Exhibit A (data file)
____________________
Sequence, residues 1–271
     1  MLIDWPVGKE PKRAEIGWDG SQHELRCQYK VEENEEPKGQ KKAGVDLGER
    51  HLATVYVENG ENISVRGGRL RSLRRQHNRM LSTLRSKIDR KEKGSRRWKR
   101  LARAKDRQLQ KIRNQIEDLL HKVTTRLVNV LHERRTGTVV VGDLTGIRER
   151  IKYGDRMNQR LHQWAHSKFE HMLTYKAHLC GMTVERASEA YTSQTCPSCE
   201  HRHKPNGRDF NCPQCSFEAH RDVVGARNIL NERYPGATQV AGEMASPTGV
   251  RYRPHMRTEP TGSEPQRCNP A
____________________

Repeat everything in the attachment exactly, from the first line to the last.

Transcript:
Sequence, residues 1–271
     1  MLIDWPVGKE PKRAEIGWDG SQHELRCQYK VEENEEPKGQ KKAGVDLGER
    51  HLATVYVENG ENISVRGGRL RSLRRQHNRM LSTLRSKIDR KEKGSRRWKR
   101  LARAKDRQLQ KIRNQIEDLL HKVTTRLVNV LHERRTGTVV VGDLTGIRER
   151  IKYGDRMNQR LHQWAHSKFE HMLTYKAHLC GMTVERASEA YTSQTCPSCE
   201  HRHKPNGRDF NCPQCSFEAH RDVVGARNIL NERYPGATQV AGEMASPTGV
   251  RYRPHMRTEP TGSEPQRCNP A